Neil Young says he'll go ahead with a show in London's Hyde Park next year - but it will no longer be part of the Barclaycard-sponsored BST festival.
The star had previously criticised BST organisers for choosing a "fossil fuel funding entity" as a sponsor.
"That doesn't work for me," he said in a subsequently-deleted website post.
"I believe in science. I worry about the climate crisis and am deeply concerned about its massive global ramifications."
Although he stopped short of cancelling the shows, he said "one option" would be to replace the sponsor.
On Tuesday, he appeared to claim victory in a separate post, saying he was "happy to announce that the Hyde park show will proceed without Barclays as a sponsor".
"We are overjoyed, so happy to be playing the show!"
Later in the day, BST organisers said in a statement: "Neil Young has made the decision to move away from the Barclaycard presents British Summer Time concert series.
"Neil Young and Bob Dylan will play a stand-alone concert in Hyde Park on the same date, 12 July. All tickets will remain valid."
Barclaycard told the BBC it would not comment on the situation. Other BST gigs, including dates by Robbie Williams and Florence + The Machine, will not be affected.
'Jumped the gun'
Barclays was listed as a major funder of fossil fuel extraction in a 2018 report by the non-profit group Banking on Climate Change, receiving a "D+" rating.
Earlier this year, the bank's AGM was disrupted by protestors critical of its funding for oil pipelines from Canadian tar sands.
Barclaycard, a division of Barclays that provides credit card and payment services, has sponsored the BST Hyde Park concerts since their inception in 2013, with headline acts including The Rolling Stones, Taylor Swift and Tom Petty.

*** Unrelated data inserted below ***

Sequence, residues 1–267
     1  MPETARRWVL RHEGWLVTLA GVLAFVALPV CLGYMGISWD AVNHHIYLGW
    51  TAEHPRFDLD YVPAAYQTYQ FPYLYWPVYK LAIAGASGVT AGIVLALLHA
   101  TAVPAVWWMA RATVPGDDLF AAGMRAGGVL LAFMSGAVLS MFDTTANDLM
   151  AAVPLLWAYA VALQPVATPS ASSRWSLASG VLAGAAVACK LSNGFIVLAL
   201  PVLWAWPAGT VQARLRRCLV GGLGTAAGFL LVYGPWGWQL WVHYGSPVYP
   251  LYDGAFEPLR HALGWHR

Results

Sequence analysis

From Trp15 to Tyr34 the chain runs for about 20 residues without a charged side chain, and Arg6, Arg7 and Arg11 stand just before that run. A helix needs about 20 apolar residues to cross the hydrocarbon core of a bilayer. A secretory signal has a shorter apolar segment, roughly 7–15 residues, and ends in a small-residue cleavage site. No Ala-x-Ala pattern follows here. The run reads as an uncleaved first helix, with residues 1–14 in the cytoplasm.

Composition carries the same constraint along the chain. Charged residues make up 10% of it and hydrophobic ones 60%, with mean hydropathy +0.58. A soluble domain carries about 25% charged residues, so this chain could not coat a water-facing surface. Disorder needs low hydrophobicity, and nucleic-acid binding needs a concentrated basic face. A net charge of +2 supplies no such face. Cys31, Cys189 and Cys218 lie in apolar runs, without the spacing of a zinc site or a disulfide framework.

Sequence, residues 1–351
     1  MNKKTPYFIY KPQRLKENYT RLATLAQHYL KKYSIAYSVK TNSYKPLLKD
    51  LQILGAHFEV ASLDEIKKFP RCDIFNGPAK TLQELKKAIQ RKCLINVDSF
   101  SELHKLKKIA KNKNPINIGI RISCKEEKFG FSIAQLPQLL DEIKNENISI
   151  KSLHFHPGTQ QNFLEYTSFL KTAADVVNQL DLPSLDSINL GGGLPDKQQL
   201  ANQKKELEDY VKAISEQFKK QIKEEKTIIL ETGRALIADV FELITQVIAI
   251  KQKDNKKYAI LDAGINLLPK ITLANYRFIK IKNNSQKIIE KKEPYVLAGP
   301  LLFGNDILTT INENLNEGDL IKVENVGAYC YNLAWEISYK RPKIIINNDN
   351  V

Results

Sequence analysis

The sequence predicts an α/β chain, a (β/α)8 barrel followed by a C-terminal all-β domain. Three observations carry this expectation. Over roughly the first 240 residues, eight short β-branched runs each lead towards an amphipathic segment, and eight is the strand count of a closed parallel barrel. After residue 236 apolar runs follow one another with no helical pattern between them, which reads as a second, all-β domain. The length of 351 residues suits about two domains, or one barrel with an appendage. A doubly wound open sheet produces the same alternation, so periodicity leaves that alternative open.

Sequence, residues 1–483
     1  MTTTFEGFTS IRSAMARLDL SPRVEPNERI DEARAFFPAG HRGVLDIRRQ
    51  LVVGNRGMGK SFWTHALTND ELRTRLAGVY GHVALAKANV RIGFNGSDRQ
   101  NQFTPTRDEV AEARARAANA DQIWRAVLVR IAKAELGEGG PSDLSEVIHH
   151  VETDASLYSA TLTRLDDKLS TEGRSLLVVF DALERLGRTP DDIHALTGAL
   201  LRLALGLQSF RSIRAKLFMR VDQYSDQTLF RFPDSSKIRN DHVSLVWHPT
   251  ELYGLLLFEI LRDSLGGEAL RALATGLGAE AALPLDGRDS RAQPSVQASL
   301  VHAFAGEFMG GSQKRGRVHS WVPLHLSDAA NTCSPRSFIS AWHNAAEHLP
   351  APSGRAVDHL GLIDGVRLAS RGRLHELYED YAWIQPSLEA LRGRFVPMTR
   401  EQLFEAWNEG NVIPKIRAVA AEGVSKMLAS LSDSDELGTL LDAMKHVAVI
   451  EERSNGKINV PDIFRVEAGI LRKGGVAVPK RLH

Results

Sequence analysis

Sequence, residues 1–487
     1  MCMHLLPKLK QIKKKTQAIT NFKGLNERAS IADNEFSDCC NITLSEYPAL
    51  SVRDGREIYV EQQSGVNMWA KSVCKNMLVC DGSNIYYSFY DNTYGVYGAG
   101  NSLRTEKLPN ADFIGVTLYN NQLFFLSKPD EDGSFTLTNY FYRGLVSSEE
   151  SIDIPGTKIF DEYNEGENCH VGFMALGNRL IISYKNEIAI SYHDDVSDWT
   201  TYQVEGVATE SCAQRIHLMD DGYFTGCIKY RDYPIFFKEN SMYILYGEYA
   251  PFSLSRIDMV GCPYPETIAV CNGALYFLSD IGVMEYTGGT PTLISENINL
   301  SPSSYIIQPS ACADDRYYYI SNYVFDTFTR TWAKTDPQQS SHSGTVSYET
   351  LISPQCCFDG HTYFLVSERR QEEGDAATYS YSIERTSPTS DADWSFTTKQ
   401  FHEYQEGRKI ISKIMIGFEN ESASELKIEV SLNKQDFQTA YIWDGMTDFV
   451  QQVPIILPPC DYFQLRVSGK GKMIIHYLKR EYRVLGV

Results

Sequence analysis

Young also played the festival in 2014 with his band Crazy Horse, apparently without objection to the bank's involvement.
On Sunday, the star aired a number of grievances about his upcoming concert, claiming it was announced prematurely, and objecting to the fact that tickets were put on sale to the public ahead of his fans.
"I had no idea the announcement was coming that day," he wrote. "I was still finessing the art for the poster and trying to make sure that all of the details of the show were agreeable to me.
"Then, suddenly, someone jumped the gun. The tickets were put on sale and the announcement was made, all without my knowledge."
The post included lyrics from Young's 1988 anti-corporate sponsorship song This Note's For You: "I ain't singing for Pepsi / Don't sing for Coke / I won't sing for nobody / Makes me look like a joke."
Fittingly, the post announcing Barclaycard's withdrawal from the event was headlined "Sponsored By Nobody".
The 73-year-old is an active environmentalist, criticising the automotive industry, supporting anti-fracking activists and recording songs about climate change, including 2014's Who's Gonna Stand Up? (and Save The Earth).
More recently, the star took President Trump to task over his response to the California wildfires, in which he lost his home.